A briefing on NTPsec

Mel Beckman mel at beckman.org
Fri May 13 15:02:19 UTC 2016


Eric,

Thanks for this really helpful insider look into NTPsec. Does your project have anything like a portable regression test suite that the rest of us could use for NTP product evaluations? And what I be correct in guessing that all of your work is foss?

When you say that nothing has been done to add security mechanisms to NTP, are you saying that all the work so far has been code hardening exclusively?

Finally, do you want to weigh in on the necessity for highly accurate local RT clocks in NTP servers? That seems to be the big bugaboo in cost limiting right now.

 -mel beckman

> On May 13, 2016, at 6:40 AM, Eric S. Raymond <esr at thyrsus.com> wrote:
> 
> Jay Ashworth informs me that NTP security and risks has recently been
> a hot topic on NANOG, and that NTPsec was mentioned.  Therefore I've
> written a bit of a background briefing on the project, which follows.
> 
> The NTPsec project was initially funded in late 2014 by NSF when
> authorities there became concerned about frequent incidents of DDoS
> amplification involving ntpd. I was hired in as tech lead early on (in
> part because of my work on GPSD, a technically similar project) and
> retained that position when the Linux Foundation picked up funding
> the project.  It's now managed by Mark Atwood, who some of you may know
> from HPE and OpenStack.
> 
> I'm going to pass over the politics around the fork from what our team
> now calls "NTP Classic" because it wasn't my decision or desire, merely
> observing that I reluctantly acknowledged the necessity and wish
> things could have been otherwise.
> 
> The goal of NTPsec is to achieve high security and high assurance
> through systematic application of modern best practices.  Though not
> yet at release 1.0, our progress can be judged by the fact that when
> the last batch of 11 CVEs against NTP was released, we were not
> vulnerable to 8 of them because we had previously removed or successfully
> hardened the code they exploited.
> 
> This was no fluke. Over the last 11 months, we have compiled a
> significantly - I think it's fair to say "dramatically" - better
> security record than Classic. We've earned some trust in the infosec
> research community, working effectively with (among others) Sharon
> Goldberg's group at BU.  We were the first to develop a verified fix
> for the now infamous off-path KOD bug (CVE-2015-7979).
> 
> You can read more about our code-hardening practices here:
> 
> http://esr.ibiblio.org/?p=6881
> 
> In brief, we've thrown out a lot of cruft and archaisms.  The code has
> been lifted to C99/POSIX-2001 conformance; other than a few warts near
> Mac OS X and some unused Windows code probably destined for removal
> itself, the port shims that used to infest the codebase are nearly
> gone.  Mode 7 has been removed, as has Autokey; these were nests of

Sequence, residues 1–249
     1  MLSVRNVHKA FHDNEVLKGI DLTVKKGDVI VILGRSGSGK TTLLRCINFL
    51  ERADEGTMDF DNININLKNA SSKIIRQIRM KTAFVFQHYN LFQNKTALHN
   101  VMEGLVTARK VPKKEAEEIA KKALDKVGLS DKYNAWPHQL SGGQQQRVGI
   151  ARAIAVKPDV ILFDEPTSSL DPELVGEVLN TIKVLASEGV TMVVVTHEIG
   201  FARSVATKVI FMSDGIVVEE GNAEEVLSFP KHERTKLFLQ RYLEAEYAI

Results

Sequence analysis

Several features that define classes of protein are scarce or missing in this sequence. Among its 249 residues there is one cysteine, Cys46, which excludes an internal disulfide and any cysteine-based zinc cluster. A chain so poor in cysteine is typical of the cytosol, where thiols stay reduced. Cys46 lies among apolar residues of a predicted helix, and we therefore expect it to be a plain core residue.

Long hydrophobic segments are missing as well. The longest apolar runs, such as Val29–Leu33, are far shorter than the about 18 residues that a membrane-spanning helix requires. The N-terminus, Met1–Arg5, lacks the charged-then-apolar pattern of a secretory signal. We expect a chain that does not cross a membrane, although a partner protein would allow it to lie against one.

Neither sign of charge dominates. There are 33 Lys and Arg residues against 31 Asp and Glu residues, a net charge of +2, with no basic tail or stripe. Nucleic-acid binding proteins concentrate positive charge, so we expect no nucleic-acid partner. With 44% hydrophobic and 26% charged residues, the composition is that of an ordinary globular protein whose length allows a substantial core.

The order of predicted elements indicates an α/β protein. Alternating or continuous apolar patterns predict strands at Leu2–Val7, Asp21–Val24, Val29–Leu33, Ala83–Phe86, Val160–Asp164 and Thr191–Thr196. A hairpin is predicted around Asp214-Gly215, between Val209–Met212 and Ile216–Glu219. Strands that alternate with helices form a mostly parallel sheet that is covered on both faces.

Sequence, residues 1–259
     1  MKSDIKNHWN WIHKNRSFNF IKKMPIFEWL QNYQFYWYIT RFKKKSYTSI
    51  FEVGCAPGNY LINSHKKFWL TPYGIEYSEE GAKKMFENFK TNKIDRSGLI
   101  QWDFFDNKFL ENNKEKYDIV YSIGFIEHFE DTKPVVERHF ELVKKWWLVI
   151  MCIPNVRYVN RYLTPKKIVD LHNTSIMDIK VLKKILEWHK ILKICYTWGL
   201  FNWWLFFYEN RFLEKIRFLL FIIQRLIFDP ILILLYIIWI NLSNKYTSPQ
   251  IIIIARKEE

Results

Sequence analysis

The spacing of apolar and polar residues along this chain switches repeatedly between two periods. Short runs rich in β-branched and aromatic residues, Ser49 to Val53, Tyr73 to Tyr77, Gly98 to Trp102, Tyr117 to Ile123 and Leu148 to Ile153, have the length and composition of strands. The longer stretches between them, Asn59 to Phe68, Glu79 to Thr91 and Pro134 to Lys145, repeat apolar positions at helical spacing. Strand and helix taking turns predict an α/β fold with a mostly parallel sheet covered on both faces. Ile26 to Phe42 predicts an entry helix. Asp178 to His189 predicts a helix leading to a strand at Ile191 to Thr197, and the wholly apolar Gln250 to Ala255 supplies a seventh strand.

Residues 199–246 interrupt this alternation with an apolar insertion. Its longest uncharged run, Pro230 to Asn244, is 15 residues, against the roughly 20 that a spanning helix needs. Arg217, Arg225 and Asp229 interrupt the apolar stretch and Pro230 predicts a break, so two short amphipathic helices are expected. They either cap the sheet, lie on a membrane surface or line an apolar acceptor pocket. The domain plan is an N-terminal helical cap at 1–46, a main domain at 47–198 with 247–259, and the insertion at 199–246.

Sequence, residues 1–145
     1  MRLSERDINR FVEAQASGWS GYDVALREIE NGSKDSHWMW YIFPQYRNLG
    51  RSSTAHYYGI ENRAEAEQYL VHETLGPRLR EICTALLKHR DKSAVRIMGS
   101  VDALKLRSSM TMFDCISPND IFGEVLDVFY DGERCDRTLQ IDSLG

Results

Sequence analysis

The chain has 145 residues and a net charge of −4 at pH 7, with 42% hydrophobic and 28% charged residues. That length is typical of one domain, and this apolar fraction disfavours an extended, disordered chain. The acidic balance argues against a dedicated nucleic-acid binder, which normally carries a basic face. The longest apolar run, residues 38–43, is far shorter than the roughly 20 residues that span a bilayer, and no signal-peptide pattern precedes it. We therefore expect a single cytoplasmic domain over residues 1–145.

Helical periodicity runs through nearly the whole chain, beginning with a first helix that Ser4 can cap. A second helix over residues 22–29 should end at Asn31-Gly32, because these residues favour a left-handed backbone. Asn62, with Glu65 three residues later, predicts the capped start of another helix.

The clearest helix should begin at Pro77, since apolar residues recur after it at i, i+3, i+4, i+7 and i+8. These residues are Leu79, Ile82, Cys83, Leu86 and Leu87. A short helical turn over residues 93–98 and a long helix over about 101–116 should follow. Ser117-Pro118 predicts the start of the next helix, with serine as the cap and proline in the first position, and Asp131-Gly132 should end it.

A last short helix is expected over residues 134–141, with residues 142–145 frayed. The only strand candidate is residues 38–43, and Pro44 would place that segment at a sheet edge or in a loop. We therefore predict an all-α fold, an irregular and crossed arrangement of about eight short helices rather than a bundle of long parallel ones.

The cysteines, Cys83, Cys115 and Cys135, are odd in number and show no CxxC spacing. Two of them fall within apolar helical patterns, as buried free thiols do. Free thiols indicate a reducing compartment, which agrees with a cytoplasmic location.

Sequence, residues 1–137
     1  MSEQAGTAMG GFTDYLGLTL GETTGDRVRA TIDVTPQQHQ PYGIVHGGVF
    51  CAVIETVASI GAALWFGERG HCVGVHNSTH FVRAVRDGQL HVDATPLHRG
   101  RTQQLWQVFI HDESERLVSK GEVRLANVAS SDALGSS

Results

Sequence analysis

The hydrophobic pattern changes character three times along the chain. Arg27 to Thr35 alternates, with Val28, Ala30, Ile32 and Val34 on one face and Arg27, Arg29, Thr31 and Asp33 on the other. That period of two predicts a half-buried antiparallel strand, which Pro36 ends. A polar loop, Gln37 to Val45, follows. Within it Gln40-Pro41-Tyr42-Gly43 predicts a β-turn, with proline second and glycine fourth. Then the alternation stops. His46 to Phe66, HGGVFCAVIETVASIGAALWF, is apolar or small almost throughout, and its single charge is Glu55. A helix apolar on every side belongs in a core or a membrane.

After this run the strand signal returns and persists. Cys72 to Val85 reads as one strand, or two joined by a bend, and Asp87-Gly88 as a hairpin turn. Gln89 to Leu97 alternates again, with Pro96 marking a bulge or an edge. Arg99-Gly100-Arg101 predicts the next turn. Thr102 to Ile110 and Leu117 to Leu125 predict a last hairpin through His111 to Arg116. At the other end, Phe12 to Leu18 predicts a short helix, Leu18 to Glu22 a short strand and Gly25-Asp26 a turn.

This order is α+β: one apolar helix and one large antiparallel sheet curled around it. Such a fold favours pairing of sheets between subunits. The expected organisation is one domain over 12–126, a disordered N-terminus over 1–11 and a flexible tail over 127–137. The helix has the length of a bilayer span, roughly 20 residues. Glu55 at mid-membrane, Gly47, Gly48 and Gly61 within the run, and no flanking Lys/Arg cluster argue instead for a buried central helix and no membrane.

> bugs too risky to leave in.
> 
> We've also done a lot of code auditing using tools like Coverity and
> cppcheck, and worked hard on improving our test coverage (that part has
> been more difficult than any of the code changes, actually, and is
> still very much a work in progress).
> 
> Here's a figure that should tell you a lot: we removed 57% of the
> original codebase in the process of cleaning it up. No, that's not
> a typo; the NTPsec codebase is *less than half* the size of NTP
> Classic.  And much, much easier to read.  That's even without
> counting the huge simplification win from ditching autotools.
> 
> Nevertheless, sysdamins will find it very familiar.  The largest
> speedbump you will encounter in normal operation is that we've
> changed the names of some auxiliary tools so everything has an "ntp"
> prefix.  The only thing I expect to actually surprise you is the
> documentation, which has been greatly improved, specifically by
> removing duplications and inconsistencies and distracting references
> to equipment that has been dead since the Late Cretaceous.
> 
> So far this is a deliberately conservative fork. We haven't yet tried
> to add protocol features for security because there is plenty of
> useful work to be done before tackling that very hard problem.  We're
> actively cooperating with the IETF NTP WG (we've committed to
> supplying second interop for some upcoming draft RFCs) and we're
> watching the work on NTS closely.  It is likely, though not yet
> certain, that we'll be second interop on that.
> 
> Finally, I note some criticism that NTPsec is short on people who
> understand all the subtleties of time service in the field.  This is
> partly justified. The tech lead admits to being something of a newbie;
> though I know a lot about some adjacent technical areas from ten years
> of leading GPSD, I was not a time-service expert before being engaged
> for this project and am still coming up to speed.
> 
> The team does already include one time-service old hand and a really
> good crypto/infosec specialist.  NANOG listmember Gary E. Miller was
> an early team member who remains a friend of the project. We would
> certainly welcome more engagement and advice fom time-service experts,
> and the sort of experienced sysadmins who frequent NANOG.
> 
> In a future post I may have a bit to say about Stratum 1s based on the
> RPi and other hackerboards. I've been working in that area as well.
> 
> I'll be happy to answer technical and procedural questions about NTPsec.
> Any questions about politics and policy should go to Mark Atwood.
> 
> See www.ntpsec.org for more information.
> --
>        <a href="http://www.catb.org/~esr/">Eric S. Raymond</a>


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